Christopher Orr is a Scottish painter based in London, known for his atmospheric oil paintings of figures and animals based on collages, archived photographs, researched drawings, and watercolour studies.Read More
In his studio he likes to be inspired by found images, and frames from projected film.
Orr received a Bachelor of Fine Art from the Duncan of Jordanstone College of Art and Design, Dundee (1996—2000), and completed a Master's in Painting at the Royal College of Art, London (2001—2003).
This artist likes to explore his collection of natural and social history books, children's encyclopaedias, science publications, and assorted National Geographic magazines to seek out stimulating illustrations. They assist his rendering of chosen subjects or backgrounds, while his use of collage to make working studies comes from his passion for the work of Jamie Reid, the legendary punk designer.
Paradoxically Orr is a traditional painter, a lover of the Romantic sublime. Using deliberately murky and soft earth colours in his narrative images, he avoids harsher industrial or synthetic saturated hues, preferring 'muddy' tertiaries to 'clean' primaries in his palette. He is much fascinated by glowing light surrounded by dripping foliage, misty hazes, and shimmering water.
Orr's peopled images have a subtly quirky or oddball humour, hinting at narratives that might, over time, slowly unfold. Sometimes they depict khaki-clad anthropologists, surveyors, or explorers in caves or in bush. These figures can be found puzzling over recently discovered mysterious items in The Beneficent Lights Dim (2012), measuring space in The Balloon (2005), or enthralling over some steep, misty sublime vista in No Sound was Uttered (2020) and The Weight of Water (2006).
There is a hint of satire: a touch perhaps of Rider Haggard or Boys' Own. As amusing illustrations, these figures-in-landscape oil paintings are closer to Glen Baxter than Mark Tansey, their type of drollness not being particularly preoccupied with postmodern or postcolonial theory.
His images are hard to locate chronologically because of the drab clothing of the people depicted; in Where Shadows Crept (2020) his figures rest in a landscape setting, in Geometry (2005), inside a dwelling. Often, figures are represented thinking. Indeed, the paintings seem to be about the actual act of contemplation or calculation, and also about the artist's own valuing of nature, possibly espousing a form of mysticism embedded with spirituality.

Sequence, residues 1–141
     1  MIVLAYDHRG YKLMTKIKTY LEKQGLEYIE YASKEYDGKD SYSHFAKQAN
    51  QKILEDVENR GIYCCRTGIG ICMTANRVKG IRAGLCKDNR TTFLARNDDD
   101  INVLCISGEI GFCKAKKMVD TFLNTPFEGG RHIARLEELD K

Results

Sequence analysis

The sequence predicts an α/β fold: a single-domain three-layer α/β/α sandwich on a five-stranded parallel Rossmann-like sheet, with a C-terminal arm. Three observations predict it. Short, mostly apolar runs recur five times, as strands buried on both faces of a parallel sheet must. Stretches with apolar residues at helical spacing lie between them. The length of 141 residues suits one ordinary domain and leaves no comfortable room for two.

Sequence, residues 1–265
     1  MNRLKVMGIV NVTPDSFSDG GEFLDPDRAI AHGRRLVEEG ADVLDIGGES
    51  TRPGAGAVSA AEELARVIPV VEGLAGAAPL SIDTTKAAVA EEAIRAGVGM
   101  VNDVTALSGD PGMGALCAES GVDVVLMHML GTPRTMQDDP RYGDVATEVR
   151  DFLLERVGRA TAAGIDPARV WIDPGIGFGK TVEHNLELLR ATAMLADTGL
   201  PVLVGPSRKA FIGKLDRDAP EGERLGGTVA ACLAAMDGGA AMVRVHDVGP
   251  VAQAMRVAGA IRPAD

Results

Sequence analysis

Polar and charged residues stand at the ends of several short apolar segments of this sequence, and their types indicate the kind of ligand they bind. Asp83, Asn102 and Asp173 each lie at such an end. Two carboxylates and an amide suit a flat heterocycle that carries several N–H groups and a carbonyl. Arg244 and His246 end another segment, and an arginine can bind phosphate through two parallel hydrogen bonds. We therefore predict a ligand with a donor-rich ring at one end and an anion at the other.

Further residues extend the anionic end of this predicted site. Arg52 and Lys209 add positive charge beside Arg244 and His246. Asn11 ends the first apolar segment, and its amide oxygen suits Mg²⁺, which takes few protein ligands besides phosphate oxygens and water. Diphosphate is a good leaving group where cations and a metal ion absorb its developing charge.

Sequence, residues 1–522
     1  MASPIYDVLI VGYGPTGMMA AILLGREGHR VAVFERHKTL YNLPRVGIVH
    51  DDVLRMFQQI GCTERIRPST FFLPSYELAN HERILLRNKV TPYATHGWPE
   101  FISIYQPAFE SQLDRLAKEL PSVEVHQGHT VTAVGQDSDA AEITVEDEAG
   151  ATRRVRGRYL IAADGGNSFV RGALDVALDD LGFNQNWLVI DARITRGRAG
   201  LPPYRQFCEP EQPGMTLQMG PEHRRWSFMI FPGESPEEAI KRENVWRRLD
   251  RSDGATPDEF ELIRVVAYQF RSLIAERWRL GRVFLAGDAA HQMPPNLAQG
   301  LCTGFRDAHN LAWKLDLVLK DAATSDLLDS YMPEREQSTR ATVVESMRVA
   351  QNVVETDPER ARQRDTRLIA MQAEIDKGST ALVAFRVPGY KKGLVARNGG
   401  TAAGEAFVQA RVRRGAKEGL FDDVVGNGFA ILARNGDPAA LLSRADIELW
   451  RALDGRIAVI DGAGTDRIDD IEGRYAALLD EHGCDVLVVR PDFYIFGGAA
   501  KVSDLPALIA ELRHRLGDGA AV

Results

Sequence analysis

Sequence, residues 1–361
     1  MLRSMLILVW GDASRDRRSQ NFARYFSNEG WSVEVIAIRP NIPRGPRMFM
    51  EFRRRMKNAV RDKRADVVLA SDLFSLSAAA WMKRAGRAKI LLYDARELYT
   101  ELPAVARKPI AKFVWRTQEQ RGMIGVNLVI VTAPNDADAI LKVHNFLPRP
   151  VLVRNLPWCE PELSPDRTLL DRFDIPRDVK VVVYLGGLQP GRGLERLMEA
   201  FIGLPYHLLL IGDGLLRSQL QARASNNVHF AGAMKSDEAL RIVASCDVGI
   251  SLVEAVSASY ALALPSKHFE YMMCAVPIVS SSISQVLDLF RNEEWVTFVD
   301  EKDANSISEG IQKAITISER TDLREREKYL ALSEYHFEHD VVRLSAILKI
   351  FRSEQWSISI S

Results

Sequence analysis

Others are more active, showing groups of figures walking through pastoral settings, as in Not Stir of the Air Was There (2019). Other times, Orr will leave out people altogether, and instead focus on close-ups of branches of apples, as seen in The Dark Light Years (2010), or ornithological specimens, as in Half Glimpsed (2019), their titles hinting at metaphors for time.
The figure/landscape works collectively compare lone or pairs of explorers with groups, setting out degrees of gregariousness and social interaction. Some works reference compositionally earlier works from art history, and exploit looser scumbled translucent paint, like The Silence Afterwards (2010).
Orr's paintings celebrate nature as experienced in the uncurbable wilderness, promoting the luminous properties of light, while at the same time discreetly mocking the endeavours of scientists to explain, or unknowingly destroy, it.
Christopher Orr has been the subject of both solo and group exhibitions. Solo exhibitions include The Beguiled Eye, Talbot Rice Gallery, Edinburgh (2015); Light Shining Darkly, Kunsthaus Baselland, Basel (2013); Christopher Orr, Hauser & Wirth, Zurich (2010); Before and After Science, Arndt and Partner, Berlin (2004); and Future Natural, Cohan Leslie and Browne, New York (2003).
Selected group exhibitions include Adam, Eve and the Devil, Marres House for Contemporary Culture, Maastricht (2015); Tree House Down, ibid., Los Angeles (2015); 54th Venice Biennale, Venice (2011); Memories of the Future, Sean Kelly Gallery, New York (2010); Old School, Hauser & Wirth, Colnaghi, London (2007); Tate Triennial 2006, Tate Britain (2006); Girlpower and Boyhood, Talbot Rice Gallery, Edinburgh (2006); Don Quijote, Kunstinstituut Melly (formally known as Witte de With), Rotterdam (2006).
John Hurrell | Ocula | 2021